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Cytoskeletal Priming of Mesenchymal Stem Cells to a Medicinal Phenotype

Abstract

Mesenchymal stem cell (MSC) therapy is a promising approach for the treatment of cardiovascular disease, demonstrating pronounced trophic, immunomodulatory, and pro-angiogenic activity. However, clinical efficacy has suffered from broad variability, presumably due to cell death upon implantation, and the heterogeneous population of autologous cells. Micropatterning single cells in the same geometry can normalize the phenotype in a population, and variations in subcellular curvature will guide focal adhesion, cytoskeletal organization, and the regulation of distinct epigenetic marks to orchestrate a medicinal secretome. Within 2 days, activated cells show elevated expression of pericyte markers and will recapitulate functional pericyte activity through enhanced association with endothelial cell tubules in co-culture. MSCs are believed to undergo a temporary switch in vivo to an activated state in response to injury; thus, we propose engineering actomyosin contractility after isolation can similarly activate MSCs, which may serve as a general approach to prime a medicinal phenotype for cell-based therapies.

Lay Summary

Patient-derived mesenchymal stem cells will secrete molecules that promote new vasculature and have demonstrated clinical efficacy as a therapy for treating myocardial infarction. While autologous cell implantation is promising, there is considerable variability in current treatments and controversy over the underlying mechanisms. In this work, we reveal that careful control of actomyosin contractility in mesenchymal stem cells can prime a pericyte state with a medicinal secretome that shows sustained pro-angiogenic activity in vitro and in vivo. Activation of mesenchymal stem cells to a medicinal phenotype may increase the efficacy and reproducibility of cell-based therapies for cardiovascular disease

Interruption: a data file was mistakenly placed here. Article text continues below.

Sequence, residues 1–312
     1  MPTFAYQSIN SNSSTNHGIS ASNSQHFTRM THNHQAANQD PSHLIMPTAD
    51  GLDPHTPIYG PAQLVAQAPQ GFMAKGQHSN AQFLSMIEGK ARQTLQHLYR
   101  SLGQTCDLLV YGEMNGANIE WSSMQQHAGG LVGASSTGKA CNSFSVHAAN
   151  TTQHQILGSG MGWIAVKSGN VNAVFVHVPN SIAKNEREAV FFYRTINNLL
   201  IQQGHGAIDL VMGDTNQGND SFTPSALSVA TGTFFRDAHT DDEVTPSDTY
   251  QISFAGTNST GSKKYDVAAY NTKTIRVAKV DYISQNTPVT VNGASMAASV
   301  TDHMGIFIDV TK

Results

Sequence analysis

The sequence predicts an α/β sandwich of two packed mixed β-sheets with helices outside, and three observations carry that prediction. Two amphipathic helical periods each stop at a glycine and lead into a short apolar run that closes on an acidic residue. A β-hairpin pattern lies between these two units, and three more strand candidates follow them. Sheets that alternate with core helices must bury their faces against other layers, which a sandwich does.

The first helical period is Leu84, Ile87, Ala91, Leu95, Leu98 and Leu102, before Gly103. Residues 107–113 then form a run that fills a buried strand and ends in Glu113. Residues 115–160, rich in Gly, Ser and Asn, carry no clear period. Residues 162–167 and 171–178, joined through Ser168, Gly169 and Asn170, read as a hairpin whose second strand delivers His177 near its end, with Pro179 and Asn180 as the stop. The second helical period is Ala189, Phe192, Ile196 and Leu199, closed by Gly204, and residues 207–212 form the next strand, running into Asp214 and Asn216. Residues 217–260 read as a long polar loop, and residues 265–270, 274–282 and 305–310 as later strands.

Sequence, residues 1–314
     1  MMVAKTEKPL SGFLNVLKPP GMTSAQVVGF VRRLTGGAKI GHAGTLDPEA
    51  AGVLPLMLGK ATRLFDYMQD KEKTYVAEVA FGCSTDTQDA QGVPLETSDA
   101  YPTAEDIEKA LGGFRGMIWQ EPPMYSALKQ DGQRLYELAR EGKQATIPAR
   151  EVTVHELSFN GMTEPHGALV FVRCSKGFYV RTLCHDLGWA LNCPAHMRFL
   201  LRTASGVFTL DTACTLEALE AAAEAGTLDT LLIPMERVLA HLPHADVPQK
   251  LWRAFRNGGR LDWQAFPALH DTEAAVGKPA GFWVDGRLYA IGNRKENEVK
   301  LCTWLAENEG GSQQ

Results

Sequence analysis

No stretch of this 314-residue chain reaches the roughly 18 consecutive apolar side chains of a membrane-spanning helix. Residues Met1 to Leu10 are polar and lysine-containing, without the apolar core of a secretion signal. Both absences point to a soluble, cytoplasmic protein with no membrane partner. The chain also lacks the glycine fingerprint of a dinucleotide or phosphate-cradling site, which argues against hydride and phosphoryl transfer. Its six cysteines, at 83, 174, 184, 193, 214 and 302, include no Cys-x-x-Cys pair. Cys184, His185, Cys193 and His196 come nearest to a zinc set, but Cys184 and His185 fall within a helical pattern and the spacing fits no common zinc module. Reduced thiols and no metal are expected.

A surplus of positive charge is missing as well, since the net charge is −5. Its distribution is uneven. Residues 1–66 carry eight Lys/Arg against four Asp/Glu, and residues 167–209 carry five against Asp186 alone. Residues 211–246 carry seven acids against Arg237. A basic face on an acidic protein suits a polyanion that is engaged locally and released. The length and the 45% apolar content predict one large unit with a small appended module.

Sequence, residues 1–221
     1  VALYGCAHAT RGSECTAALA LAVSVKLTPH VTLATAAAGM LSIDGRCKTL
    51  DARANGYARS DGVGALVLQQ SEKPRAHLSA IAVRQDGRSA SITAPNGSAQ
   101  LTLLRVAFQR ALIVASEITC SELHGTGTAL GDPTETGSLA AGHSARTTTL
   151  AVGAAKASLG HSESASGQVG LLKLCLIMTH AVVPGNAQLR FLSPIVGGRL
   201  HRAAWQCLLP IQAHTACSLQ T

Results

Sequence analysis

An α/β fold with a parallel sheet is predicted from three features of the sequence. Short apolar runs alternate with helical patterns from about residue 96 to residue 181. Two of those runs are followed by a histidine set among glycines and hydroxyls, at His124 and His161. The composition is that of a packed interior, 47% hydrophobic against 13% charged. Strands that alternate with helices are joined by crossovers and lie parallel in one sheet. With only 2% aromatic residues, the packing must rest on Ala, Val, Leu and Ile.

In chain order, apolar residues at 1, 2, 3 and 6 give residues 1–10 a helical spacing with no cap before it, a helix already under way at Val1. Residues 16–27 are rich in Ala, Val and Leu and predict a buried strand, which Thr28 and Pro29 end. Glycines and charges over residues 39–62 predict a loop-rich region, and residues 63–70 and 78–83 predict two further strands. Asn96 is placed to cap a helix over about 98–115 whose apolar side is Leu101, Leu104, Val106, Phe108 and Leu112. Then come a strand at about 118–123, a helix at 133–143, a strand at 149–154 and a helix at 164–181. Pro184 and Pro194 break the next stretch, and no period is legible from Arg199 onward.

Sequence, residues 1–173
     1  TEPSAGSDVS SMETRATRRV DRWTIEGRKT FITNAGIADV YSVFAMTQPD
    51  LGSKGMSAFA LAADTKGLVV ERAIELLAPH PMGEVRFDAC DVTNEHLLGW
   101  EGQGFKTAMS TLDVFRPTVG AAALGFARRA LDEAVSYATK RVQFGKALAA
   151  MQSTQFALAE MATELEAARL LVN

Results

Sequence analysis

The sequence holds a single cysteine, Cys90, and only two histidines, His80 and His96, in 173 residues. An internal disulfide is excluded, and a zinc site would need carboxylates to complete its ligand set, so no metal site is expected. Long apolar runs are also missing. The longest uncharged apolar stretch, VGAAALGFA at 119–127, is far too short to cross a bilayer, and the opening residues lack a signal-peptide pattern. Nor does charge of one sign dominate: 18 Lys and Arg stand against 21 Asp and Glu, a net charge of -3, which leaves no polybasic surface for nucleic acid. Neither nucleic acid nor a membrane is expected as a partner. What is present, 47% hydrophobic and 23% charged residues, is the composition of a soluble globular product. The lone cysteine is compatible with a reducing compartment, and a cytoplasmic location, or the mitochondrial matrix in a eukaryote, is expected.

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Acknowledgements

This work was supported by the National Heart Lung and Blood Institute of the National Institutes of Health, grant number HL121757. The authors declare no competing financial interests. We would like to thank the Beckman Institute and Institute of Genomic Biology Imaging facilities.

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Correspondence to Kristopher A. Kilian.

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A.A.A. and J.L. contributed equally to this work.

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Abdeen, A.A., Lee, J., Li, Y. et al. Cytoskeletal Priming of Mesenchymal Stem Cells to a Medicinal Phenotype. Regen. Eng. Transl. Med. 3, 5–14 (2017). https://doi.org/10.1007/s40883-016-0021-8

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  • DOI: https://doi.org/10.1007/s40883-016-0021-8

Keywords

  • Mesenchymal stem cells
  • Micropatterning
  • Actomysin conctractility
  • Pericyte
  • Angiogenesis